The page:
The madness inside

There is this thing about always being the weird kid.
It seems to be a burden all your teenage years, and suddenly, as you reach the rise of adulthood, people start to define it in other, positive ways.

By being as weird as you’d like to, you give your kids the opportunity to be even weirder and crazier than you – with pride.
Here is for a world of opportunies.

 

 

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Impermanence, changes, and life with a kid.

When we moved to the UK, about 4 months ago, the plan was to try it out for 3 months before fully committing to this new life abroad. The plan also involved freelancing for a while. The plan sounded all good and safe.

Plans, as a matter of fact, never turned out the way we expected them to in the past years. We should have known better. 
In less than a month, we felt there was no going back to France. In less than a month, I had a new, unexpected permanent role at Amazon. The safe plan is turning into a life changing experience.

Time has never passed so quickly before. Probably because making the move with a toddler creates a time vortex in itself. Day-to-day life is made of zillions of milestones –  new words, new teeth, new everything that aggregate with the already incredible amount of novelty moving abroad and starting a new job bring.

Strangely enough, this doesn’t even feel insecure. The sense of impermanence that surrounds us makes things easier. Plans are getting crazier and crazier. Possible destinations are getting farther and farther. In the hope of building a legacy for our daughter, we’re finally getting to do everything we ever wanted to.

That was the most unexpected part of the house/kid/cats/car plan.

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A week left.

3 years ago, we bought a home.

2 years ago, I started freelancing, and my dose of daily work became such, that whenever I have free time felt like a celebration.

Last year, I was only a few days away from meeting the kid that would ruin my sleep yet make me damn proud and happy.

 

So yeah. Beat that life. This year, we decided to get a bit wilder. We’re going to go and live in London. In like, seven days. With a 1 year old.

As my partner in crime has found a great opportunity, I will finally get to work full-time contract based. The madness has just begun.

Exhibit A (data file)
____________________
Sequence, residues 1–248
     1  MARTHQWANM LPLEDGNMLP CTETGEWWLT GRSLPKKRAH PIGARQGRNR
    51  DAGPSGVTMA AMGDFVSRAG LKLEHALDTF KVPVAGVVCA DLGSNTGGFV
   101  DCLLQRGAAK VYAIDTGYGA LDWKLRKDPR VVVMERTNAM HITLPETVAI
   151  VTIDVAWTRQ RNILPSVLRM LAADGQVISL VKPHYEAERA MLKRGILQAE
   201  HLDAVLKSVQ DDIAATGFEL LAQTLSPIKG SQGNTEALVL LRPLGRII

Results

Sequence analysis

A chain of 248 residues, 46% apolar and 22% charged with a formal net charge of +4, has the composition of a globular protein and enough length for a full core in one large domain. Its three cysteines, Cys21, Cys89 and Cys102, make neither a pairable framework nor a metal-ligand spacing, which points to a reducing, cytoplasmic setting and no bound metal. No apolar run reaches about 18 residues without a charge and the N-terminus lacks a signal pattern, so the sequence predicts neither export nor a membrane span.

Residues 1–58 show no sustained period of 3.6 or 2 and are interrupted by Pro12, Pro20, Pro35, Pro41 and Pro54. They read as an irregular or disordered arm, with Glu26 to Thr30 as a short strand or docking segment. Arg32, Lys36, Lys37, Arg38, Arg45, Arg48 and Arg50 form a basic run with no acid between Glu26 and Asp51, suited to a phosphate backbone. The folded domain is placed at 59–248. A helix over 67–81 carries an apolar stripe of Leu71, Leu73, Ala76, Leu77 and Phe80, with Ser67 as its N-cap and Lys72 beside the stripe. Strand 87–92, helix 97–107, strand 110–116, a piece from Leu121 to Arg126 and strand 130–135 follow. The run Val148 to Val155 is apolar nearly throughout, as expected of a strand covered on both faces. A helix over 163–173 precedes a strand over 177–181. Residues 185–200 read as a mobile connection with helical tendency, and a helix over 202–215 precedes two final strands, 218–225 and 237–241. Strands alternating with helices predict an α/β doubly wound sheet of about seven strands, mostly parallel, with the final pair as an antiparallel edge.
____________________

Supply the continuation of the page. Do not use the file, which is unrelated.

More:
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Graphic and UI/UX design cultural implications, French view.

Studying the design job title paradigm in french.

If there’s a paradigm that’d always let me astonished, I’d go with the designers job titles. Web, graphic, visual, motion, flash, industrial, interaction, UI, UX designers… English offers a proficiency of titles to describe the jobs we’re doing, and I guess it does it well. Representing the variety of possibilities, yet remaining with the idea of design as a “conception” term, it really encompasses every aspects of the industry.

Yet French is pretty poor on that matter, and it somehow shows up the poverty of the industry over here.
Tell someone you’re a designer, they’ll think of you as an industrial designer, or as an interior designer.
Tell someone you’re an art director, they’ll think you work in the cinema or theatre industry. Sometimes, you’ll end up being a graphic designer, with no differences between the two jobs.
Tell them you’re a webdesigner, you’ll be a webmaster.
Tell them you’re a UI or worst, UX designer, they’ll have no fucking idea of what you’re doing.

This lack of lexical variety really shows up a big flow in the French design industry.
Over here, designers are brainless, pixel-pushing creatures, only adding the aesthetics touch on a wireframe.
Splitting tasks in little spare parts, the designer always ends up at the end of the queue, awaiting his orders from a project manager, the marketing team, or a so called-usability engineer – people with no design sense, creating 3 headed monsters of an interface
There’s no design thinking. No design strategy.

People get surprised when you justify your design and aesthetic choices.
They almost can’t believe it when you offer usability advices. And sometimes, if you do so, you’ll end up being considered as a non-creative element. Sounds like you can’t do pretty things AND have a brain.

Designing is a continuous process, going from the marketing strategy to actual functional prototyping. The more I think about it, the less I understand how we intend to create usable and useful products without getting a design team from start to end.
I feel that’s a pretty cultural matter. France has always been a place where art can’t meet science or expertise. You can’t major in biology and art. If you wanna study design, public schools won’t teach you about marketing, management or even creative process documents. We talk about Toulouse Lautrec’s painting but not about toulouse Lautrec’s posters. I remember being told, during my first year in fine art school, that studying graphic design was a waste of time, because I could do “so much better than that” (i.e study academical art). Design is dirty and brainless.

Sometimes, when I push pixels around, I do wonder if there is any hope out there for us, poor brainless creatures?

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